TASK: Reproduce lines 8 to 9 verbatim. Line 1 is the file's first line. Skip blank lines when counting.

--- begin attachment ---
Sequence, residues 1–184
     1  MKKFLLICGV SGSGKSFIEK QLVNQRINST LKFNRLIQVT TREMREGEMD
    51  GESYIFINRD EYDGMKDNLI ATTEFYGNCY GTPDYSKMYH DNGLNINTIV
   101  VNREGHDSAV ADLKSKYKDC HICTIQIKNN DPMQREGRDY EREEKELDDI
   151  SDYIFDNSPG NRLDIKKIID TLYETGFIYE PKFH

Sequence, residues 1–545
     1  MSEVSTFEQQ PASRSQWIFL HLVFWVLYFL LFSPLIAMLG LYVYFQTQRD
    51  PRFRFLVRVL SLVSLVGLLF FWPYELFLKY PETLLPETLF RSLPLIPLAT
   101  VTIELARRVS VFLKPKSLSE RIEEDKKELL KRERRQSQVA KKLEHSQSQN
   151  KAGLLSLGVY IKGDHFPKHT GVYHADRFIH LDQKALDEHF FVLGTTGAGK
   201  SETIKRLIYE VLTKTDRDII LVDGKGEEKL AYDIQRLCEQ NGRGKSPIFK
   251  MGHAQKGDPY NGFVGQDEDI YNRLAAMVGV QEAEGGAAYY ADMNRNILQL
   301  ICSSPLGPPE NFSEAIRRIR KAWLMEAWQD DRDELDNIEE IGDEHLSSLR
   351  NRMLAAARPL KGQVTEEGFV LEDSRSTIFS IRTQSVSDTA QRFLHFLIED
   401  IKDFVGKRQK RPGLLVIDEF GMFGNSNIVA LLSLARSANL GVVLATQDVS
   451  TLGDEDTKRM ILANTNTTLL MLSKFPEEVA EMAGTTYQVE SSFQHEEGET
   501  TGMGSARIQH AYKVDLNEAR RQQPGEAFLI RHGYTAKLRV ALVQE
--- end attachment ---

    51  PRFRFLVRVL SLVSLVGLLF FWPYELFLKY PETLLPETLF RSLPLIPLAT
   101  VTIELARRVS VFLKPKSLSE RIEEDKKELL KRERRQSQVA KKLEHSQSQN